Prairie Pages



 
Vol. 1 # 1 
Education Services
Historic Preservation Agency


The Illini


Adorned with feathers, the Illini hold lacrosse bats made from buffalo or deer sinew.






Hundreds of years ago many different Native Americans lived in Illinois. Some of them were the Sauk, Mesquakie, Potawatomi, Kickapoo, and Winnebago.  The state is named after one tribe, the Illiniwek.  The Illiniwek were composed of twelve smaller tribes.  Among them were the Cahokia, Peoria, and Kaskaskia.

The Grand Village of the Kaskaskia was one of their biggest villages.  It was located on the Illinois River near Starved Rock.  Another village of the Illini was located on Lake Peoria.  It was called Pimiteoui, which meant "Fat Lake."  In southern Illinois the Illini lived in the villages of Cahokia, Michigamea, and Kaskaskia.

The Illini were migratory people.  They traveled from place to place as the seasons changed.  They also moved to get away from other tribes who often attacked them.  In the spring and summer they lived in large villages located along the banks of rivers.  In late summer and winter they divided into smaller bans and moved to hunting camps.

The Illini lived in different winter and summer homes.  Summer houses were large rectangular lodges.  Extended families (parents, grandparents, uncles, cousins, sisters) lived together in them.  Winter houses were called wigwams.  They were smaller and shaped like a dome.  The Illini covered their homes with sheets of bark or rush mats woven from cattails.

The work of men was hunting and warfare.  Men hunted buffalo, deer, bear, elk, and smaller animals.  Sometimes they would chase the buffalo into an ambush and kill many that way.  Sometimes they would light the prairie on fire and confuse the animals so they could kill them easier.  Hunting buffalo was dangerous work.  The bow and arrow and war club were the traditional weapons of the Illini.  Guns were not used until Europeans made them available.  The Illini often used guns to frighten enemies that has never seen them before.

A woman dressing a buffalo hide.
 

Women did most of the work in the villages.  They built the homes.  They prepared animal skins for clothing, robes, and blankets.  They gathered firewood.  They prepared the ground for the gardens.  Women gathered wild plants, nuts, berries, and honey from the woods, wetlands, and prairies.  They also raised squash, beans, and maize (Indian corn).  They harvested the crops.  Women had a hard life.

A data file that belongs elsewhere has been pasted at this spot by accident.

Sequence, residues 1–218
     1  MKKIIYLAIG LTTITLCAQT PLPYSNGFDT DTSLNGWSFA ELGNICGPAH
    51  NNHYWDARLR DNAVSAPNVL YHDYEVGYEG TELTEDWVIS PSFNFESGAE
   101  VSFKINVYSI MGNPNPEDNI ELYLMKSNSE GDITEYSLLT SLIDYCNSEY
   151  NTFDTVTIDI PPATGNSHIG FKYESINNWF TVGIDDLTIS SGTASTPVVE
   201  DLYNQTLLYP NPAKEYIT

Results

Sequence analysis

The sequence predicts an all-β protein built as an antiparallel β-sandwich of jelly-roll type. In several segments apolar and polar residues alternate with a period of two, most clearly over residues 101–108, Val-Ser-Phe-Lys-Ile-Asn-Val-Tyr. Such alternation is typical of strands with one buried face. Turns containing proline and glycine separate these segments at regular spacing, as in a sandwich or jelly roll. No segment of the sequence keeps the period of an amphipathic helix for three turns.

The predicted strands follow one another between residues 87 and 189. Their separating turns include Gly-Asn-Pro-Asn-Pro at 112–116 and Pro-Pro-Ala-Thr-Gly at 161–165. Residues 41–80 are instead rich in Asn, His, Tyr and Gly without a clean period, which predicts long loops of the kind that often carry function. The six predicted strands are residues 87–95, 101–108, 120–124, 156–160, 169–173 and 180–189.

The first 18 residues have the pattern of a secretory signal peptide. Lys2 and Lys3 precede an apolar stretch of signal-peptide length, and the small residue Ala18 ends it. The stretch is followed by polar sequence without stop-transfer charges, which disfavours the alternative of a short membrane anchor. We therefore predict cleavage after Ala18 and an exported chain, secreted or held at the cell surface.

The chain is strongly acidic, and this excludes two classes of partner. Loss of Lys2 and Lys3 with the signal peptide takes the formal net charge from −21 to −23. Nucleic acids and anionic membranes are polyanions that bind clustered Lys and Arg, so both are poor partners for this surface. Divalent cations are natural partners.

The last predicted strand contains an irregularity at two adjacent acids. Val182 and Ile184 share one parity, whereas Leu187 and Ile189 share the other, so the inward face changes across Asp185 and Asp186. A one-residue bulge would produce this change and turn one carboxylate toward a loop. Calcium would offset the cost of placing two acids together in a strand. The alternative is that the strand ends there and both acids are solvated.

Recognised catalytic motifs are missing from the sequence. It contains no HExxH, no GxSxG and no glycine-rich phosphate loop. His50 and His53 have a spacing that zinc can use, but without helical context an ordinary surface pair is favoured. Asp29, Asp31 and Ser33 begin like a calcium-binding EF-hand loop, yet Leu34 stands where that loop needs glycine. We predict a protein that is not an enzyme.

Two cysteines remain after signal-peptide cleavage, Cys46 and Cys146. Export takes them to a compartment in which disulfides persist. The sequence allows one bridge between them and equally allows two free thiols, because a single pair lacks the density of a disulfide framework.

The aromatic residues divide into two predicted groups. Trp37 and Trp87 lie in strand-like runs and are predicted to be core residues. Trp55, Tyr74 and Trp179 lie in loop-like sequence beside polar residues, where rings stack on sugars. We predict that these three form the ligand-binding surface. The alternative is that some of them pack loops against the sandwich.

The Illini relied upon many plants and animals to survive.  The Illini did not waste resources.  When animals were killed all parts were used.  Sinews were used instead of thread for sewing and stretching hides.  Hoofs were used for rattles in ceremonies. Skins were rubbed with animal brains to make them supple.

In the summer the Illini wore little clothing.  Men and women tattooed their bodies when they became 25 years old.  It was a sign of accomplishment.  In the winter they wore robes made from buffalo hides.
 
 
 

Women guarding corn from birds.
An important Illini ceremony was the calumet dance, which was performed at special events.  The calumet represented the god of peace and war.  Carrying a calumet allowed people to travel unharmed through enemy land.  The calumet was made of polished stone.  I had a hole in it that was filled with tobacco for smoking.  The calumet was shaped like a hatchet and attached to a long stem.  The Illini decorated the calumet with feathers.  White feathers symbolized peace.  Red feathers symbolized war.  The Illini also offered the calumet to the sun and earth when they wanted to have rain or good weather.

The Illini believed in a Master of Life.  They also believed in individual spirits (manitous) and prayed to them when they needed help.  Individual wealth was not important.  People who were able to give away objects were highly respected.

Men could not marry until they proved they were good hunters and warriors.  When a man wanted to marry he first talked to his father.  Next his family gathered presents.  Then his female relatives carried them to the woman's lodge.  Wealthy families took many presents.  If the woman did not want to marry, the presents were returned.  If she accepted the proposal, her family sent gifts to the man's house.  After several days of exchange, the bride was carried to her new home.  Women lived with their husband's family.
 
 

Exchanging gifts was an important part of the Illini marriage ceremony.




When a person died the grave was filled with items needed in the afterlife.  Tobacco, bow and arrow, kettle, and corn were some of the gifts that were buried alongside the body.  Men's faces were painted red.  Dances of mourning were held.  The family gave presents to the dancers.
 

A shaman mixing medicine.
 

Once the Illini occupied a large part of Illinois.  As settlers moved into Illinois they needed more land.  The United States government decided that the Indians must be relocated.  In the mid-1830's the Illini were removed from their homeland to Kansas.  Eventually they were moved to Oklahoma.  Today the Illiniwek's descendants are known as the Peoria Indian Tribe of Oklahoma.

Written by Noreen O'Brien-Davis, Illinois Historic Preservation Agency
 

 Illinois State Historical Library

 Illinois Historic Preservation Agency




Copyright: Education Services,  Illinois Historic Preservation Agency, 2002.
WebMaster:Karen E. Everingham   Updated:  8/23/2002